Journal of Real Estate Finance and Economics, 19:2, 165±167 (1999)
# 1999 Kluwer Academic Publishers, Boston. Manufactured in The Netherlands.
The Costs of Free Land: The Oklahoma Land
CECIL E. BOHANON AND PHILIP R. P. COELHO
Department of Economics, Ball State University, Muncie, IN 47306-0340
Noel Campbell's comments on our paper raise several issues about the Oklahoma land
allocation. We agree with his observation that why speci®c methods of land allocation
were used is an interesting and important question. Second, we recognize that, as
Campbell points out, the risk preferences of potential settlers do matter. The problem is
that it is not clear how to falsify assumptions about risk preferences in any but an heuristic
way. These explanations are inevitably ad hoc, always capable of being replaced by
another set of equally plausible speculations. Finally, we disagree with Campbell's
assertion that our analysis ``underestimates the cost of the land rush by the amount of the
cheating or odds-altering expenses.''
Addressing these points in reverse order, Campbell is absolutely correct in asserting that
the odds-altering expenses of the land rushes were social costs. Indeed, the Oklahoma land
rush is a classic example of a prisoner's dilemma: If all the Oklahoma Boomers had agreed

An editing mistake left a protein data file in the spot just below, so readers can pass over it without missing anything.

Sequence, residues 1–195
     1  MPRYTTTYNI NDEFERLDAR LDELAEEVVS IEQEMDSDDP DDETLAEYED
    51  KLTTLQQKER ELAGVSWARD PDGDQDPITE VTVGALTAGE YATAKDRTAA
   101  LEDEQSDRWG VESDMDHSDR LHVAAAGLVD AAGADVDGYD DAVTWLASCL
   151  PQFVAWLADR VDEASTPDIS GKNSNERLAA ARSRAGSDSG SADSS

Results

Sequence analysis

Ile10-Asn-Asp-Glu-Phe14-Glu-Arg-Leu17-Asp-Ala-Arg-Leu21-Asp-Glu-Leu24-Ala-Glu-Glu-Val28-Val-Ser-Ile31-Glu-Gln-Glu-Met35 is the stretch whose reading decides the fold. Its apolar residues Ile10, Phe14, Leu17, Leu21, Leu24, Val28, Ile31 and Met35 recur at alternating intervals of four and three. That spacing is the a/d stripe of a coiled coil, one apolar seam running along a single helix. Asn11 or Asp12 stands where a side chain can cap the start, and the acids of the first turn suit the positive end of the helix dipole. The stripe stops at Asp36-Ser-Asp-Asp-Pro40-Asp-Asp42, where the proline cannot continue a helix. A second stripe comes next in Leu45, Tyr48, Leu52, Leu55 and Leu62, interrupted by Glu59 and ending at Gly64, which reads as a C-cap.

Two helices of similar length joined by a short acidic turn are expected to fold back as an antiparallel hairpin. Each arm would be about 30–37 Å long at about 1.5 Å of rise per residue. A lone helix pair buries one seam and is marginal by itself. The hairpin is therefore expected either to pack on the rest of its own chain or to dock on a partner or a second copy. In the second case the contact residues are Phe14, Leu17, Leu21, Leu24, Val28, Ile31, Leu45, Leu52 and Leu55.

to walk, (not run or ride horses) into the new territory, signi®cant resources would have
been saved. Nevertheless any individual Boomer would have wrested a great advantage by
cheating. The lack of an enforcement mechanism coupled with individually self-interested
behavior would inevitably have led to a breakdown of the resource saving covenant.
Moreover, investments in odds-altering expenses were not a part of a land lottery, as he
rightly notes. What Campbell fails to note, however, is that such expenses were part of the
private costs of the land rush participant. Indeed, such odds-altering expenditures are one
of the reason the costs of a land rush was greater than those of a lottery per participant.
Campbell's observations about speci®c odds-altering expenditures, although interesting
and informative, do not undermine our basic observation that rent-dissipation is likely in
any non-price competition for valued lands. With risk neutrality, if costs in any
competition are uniform over participants then rents are fully dissipated. The rent
dissipation constitutes a social cost. In the land rushes the social costs were accounted for
by higher participant costs, partly because of the odds-altering expenses as alluded to in
Campbell's examples. In the land lottery, where odds-altering expenditures were
forestalled by the structure of the competition, rent dissipation was simply taken up on
another margin: excess participation. That the participation rate in the land lottery
exceeded that of the land rushes corroborates the point.
Campbell's second point is about the risk preferences of participants in the various land
allocation schemes. Whether the participants were risk neutral, risk averse, risk loving, or
some combination is an interesting question. But the issue is probably unsolvable given